This week, the oddest DVD to appear on release lists is:
“A Monster in Paris”
In the realm of 3-D, computer-generated animation, the big players such as Pixar, Disney and Dreamworks rule the box-office roost. But smaller, off-track studios are also doing notable if not high-profile and profit-driven work, and one of those low-key features from 2011, “A Monster in Paris,” is due out on DVD Tuesday.
This French production from writer-director Bibo Bergeron (maker of 2004’s “Shark Tale”) smartly demonstrates that big Hollywood machinery isn’t necessary to produce family animation that’s literate and charming on the storytelling level and lush and painterly in its visual aspects.
The modest little story possesses strong echoes of “Phantom of the Opera,” as well as a powerful affection for the silent cinema of early Hollywood (a la another fanciful French homage, “The Artist”), and its setting in the teeming streets of Paris, circa 1910, is lavish and lovely.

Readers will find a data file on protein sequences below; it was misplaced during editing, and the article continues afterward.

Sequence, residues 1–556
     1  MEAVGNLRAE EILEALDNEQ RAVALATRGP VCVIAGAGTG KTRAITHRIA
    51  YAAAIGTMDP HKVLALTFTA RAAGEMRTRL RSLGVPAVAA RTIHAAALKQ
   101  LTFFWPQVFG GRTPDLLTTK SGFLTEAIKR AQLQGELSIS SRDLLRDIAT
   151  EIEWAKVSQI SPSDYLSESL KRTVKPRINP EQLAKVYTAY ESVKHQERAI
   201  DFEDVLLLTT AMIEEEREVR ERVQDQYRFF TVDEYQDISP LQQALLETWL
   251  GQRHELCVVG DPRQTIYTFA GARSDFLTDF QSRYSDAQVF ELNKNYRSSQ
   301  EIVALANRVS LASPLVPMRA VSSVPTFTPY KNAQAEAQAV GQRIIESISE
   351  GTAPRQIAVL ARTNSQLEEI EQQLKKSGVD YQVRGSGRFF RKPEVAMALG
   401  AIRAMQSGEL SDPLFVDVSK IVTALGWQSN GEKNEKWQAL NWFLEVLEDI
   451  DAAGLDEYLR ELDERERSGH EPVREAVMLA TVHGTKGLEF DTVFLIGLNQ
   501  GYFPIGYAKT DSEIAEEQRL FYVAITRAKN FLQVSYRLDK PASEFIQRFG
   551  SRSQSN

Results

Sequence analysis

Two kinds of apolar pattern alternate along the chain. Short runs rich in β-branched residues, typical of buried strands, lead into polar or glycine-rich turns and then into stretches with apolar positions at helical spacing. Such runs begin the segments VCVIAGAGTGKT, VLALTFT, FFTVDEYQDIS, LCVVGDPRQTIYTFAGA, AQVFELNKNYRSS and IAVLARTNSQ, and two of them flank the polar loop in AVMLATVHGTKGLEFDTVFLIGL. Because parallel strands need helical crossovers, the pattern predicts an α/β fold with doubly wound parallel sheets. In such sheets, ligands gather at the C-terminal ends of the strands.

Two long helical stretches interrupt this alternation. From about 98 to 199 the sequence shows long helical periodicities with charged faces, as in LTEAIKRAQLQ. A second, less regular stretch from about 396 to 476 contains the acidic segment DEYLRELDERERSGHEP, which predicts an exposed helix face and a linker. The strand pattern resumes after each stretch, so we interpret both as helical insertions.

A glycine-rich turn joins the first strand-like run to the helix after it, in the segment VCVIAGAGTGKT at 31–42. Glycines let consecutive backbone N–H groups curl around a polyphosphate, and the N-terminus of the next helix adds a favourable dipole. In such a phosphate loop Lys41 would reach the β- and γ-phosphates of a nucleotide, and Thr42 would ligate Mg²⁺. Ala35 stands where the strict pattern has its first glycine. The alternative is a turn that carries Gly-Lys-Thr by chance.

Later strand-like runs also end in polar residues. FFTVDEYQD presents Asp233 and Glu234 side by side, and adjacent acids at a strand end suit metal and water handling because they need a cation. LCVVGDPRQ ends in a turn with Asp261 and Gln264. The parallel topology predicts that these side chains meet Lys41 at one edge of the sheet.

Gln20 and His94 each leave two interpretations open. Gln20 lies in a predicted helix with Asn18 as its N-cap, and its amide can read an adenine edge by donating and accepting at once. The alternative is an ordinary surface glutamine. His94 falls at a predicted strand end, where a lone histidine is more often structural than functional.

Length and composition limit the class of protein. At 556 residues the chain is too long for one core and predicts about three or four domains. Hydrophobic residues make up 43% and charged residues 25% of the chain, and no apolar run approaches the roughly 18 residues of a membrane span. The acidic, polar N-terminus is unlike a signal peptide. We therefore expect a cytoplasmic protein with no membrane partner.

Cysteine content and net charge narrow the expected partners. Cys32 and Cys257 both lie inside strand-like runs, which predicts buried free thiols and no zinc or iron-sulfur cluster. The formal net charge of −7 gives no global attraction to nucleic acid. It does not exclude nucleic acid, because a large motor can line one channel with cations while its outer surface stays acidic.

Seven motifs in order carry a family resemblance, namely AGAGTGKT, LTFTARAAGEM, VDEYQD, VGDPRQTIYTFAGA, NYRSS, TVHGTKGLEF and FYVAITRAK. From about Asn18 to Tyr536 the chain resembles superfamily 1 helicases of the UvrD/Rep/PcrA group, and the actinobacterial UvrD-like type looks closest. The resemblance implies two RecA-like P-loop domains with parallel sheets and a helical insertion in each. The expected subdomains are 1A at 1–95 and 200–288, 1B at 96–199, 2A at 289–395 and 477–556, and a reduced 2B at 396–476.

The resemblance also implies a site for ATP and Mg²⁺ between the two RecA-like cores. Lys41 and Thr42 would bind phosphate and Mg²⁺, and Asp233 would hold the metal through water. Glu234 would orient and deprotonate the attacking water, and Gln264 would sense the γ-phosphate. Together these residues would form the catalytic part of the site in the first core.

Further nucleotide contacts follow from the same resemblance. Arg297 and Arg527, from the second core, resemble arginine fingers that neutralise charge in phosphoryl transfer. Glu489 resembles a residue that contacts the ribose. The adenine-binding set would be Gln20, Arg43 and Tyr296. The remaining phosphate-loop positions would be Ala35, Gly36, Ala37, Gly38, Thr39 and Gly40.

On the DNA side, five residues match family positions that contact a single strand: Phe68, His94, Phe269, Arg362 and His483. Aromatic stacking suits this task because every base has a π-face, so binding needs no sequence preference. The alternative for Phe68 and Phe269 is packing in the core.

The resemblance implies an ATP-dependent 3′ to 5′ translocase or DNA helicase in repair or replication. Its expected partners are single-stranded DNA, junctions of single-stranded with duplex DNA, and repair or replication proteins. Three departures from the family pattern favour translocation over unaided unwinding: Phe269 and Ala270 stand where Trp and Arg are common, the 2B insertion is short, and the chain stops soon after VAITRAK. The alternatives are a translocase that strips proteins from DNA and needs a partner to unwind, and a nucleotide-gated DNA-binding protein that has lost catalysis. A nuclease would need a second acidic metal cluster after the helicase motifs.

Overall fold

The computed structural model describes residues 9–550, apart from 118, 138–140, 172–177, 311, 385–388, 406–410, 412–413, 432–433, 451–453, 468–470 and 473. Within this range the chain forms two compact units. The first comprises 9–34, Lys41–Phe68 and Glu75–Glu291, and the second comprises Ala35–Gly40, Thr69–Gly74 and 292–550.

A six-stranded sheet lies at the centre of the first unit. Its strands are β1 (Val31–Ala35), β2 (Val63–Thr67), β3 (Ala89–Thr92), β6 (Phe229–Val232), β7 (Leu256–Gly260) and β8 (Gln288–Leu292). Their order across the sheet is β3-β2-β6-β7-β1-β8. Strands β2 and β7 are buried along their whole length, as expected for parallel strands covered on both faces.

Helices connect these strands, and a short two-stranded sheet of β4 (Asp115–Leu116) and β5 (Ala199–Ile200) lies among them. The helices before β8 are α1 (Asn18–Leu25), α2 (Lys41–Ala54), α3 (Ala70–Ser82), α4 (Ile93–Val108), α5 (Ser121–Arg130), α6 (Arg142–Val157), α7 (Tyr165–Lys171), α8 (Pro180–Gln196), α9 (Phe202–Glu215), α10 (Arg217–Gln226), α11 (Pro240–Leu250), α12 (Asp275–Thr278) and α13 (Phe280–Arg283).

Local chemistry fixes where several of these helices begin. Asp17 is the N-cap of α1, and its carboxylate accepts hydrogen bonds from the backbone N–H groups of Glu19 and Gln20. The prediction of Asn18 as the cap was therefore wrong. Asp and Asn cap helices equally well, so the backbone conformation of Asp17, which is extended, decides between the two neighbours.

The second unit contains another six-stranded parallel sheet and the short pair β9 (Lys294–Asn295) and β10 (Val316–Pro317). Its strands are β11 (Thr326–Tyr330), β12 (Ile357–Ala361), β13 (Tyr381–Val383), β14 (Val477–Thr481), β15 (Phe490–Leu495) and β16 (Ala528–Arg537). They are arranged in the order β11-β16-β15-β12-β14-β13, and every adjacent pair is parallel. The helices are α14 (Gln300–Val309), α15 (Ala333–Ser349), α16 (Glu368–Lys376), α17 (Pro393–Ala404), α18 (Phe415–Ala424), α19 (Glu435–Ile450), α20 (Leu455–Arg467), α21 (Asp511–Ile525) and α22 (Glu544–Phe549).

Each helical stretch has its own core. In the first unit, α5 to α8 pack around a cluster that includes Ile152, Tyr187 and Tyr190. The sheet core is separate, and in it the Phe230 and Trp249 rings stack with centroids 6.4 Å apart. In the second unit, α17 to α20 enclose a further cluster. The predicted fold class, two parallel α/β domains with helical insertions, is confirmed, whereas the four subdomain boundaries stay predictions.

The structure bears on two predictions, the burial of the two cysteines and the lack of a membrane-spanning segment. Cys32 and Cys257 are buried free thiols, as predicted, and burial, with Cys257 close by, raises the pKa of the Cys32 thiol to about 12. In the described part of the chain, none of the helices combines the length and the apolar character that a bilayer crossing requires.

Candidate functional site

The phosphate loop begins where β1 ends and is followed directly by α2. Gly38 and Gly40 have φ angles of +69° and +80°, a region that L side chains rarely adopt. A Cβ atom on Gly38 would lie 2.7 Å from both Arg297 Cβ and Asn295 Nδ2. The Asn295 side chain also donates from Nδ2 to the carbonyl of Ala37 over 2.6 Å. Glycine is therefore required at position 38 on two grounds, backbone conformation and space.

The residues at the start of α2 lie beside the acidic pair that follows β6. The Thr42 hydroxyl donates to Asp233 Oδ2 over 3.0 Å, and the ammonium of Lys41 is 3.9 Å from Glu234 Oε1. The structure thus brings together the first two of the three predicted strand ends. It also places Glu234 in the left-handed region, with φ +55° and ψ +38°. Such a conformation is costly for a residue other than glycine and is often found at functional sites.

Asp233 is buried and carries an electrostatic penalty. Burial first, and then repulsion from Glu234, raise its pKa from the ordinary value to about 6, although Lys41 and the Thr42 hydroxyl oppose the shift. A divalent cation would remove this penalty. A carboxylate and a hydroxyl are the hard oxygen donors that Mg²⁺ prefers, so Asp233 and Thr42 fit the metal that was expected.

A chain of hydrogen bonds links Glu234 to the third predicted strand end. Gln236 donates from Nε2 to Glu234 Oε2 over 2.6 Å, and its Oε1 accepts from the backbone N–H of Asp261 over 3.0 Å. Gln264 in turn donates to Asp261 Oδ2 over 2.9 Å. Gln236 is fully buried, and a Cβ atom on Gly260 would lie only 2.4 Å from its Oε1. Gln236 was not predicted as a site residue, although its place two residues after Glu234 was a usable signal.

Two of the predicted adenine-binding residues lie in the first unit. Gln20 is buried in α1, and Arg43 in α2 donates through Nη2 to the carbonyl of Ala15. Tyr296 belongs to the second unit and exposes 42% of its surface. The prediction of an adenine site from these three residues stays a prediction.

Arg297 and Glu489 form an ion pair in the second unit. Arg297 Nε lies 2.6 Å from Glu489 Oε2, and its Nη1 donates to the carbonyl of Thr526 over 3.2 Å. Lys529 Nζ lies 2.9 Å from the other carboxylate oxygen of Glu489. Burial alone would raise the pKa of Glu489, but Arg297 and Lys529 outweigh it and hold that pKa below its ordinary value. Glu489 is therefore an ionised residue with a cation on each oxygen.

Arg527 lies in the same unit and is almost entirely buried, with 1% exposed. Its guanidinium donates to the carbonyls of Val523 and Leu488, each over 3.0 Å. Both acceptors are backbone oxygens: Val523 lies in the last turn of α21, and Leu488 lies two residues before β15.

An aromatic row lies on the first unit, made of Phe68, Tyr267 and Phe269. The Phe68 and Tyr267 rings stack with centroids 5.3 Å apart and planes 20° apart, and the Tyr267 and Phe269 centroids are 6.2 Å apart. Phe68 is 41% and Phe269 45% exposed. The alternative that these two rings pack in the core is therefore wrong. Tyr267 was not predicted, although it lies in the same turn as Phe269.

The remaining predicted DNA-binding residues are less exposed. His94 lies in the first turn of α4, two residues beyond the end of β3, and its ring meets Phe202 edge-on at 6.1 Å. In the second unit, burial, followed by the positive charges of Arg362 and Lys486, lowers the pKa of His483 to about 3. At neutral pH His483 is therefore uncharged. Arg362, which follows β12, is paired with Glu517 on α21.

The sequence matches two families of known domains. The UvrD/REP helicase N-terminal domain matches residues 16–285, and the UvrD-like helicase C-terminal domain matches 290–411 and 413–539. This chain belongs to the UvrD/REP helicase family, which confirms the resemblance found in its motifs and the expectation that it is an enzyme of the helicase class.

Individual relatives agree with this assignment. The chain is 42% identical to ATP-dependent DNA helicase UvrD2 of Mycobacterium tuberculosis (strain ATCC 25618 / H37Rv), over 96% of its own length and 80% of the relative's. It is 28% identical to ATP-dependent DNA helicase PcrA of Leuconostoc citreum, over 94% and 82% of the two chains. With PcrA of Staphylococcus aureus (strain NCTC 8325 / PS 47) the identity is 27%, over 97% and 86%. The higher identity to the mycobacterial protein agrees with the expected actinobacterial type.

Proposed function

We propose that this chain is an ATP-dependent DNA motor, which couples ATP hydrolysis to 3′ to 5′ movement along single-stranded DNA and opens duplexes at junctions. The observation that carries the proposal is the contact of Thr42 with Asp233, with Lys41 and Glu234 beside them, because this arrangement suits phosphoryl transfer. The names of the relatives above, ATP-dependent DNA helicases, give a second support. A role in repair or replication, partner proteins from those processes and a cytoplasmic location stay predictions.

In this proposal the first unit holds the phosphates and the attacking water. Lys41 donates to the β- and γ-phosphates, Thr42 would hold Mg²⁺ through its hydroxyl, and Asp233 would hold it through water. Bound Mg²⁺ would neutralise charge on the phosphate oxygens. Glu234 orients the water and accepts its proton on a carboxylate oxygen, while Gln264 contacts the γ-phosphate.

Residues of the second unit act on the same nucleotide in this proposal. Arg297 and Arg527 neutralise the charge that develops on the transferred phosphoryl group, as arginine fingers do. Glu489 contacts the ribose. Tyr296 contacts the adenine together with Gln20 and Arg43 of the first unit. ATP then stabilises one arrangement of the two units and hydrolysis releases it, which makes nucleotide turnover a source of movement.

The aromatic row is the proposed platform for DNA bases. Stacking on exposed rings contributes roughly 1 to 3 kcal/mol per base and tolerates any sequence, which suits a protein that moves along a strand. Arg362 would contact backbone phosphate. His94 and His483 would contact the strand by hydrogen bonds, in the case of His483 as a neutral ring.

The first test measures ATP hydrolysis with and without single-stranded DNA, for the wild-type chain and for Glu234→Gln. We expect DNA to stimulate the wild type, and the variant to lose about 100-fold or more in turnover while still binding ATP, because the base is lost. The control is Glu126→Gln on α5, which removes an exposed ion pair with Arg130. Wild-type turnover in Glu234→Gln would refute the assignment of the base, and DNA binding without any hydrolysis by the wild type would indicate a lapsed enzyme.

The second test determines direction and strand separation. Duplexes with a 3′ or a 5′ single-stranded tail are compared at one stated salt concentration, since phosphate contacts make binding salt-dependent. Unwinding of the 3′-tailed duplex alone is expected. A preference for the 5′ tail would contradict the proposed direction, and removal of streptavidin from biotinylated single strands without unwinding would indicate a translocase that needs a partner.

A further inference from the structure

As floodwaters inundate the city, a monster is on the loose and several unlikely allies find themselves thrown together in a hunt for the misunderstood creature – a giant, mellow-voiced flea named Franc (with a singing voice provided by Julian Lennon).
The players include a Emile, shy movie projectionist; Raoul, a wacky inventor, Lucille, a big-hearted chanteuse at the Rare Bird Cabaret, and an irascible monkey, who band together to save Franc from the evil conniving of Paris’ ruthlessly ambitious police chief.
Vocal talent in the French-American cast includes Adam Goldberg, Bob Balaban, Danny Huston and Catherine O’Hara.
“A Monster in Paris” is rated PG (for action violence involving gunplay, and mild rude humor) and runs 87 minutes. It’s being released by Shout! Factory.
- Dennis King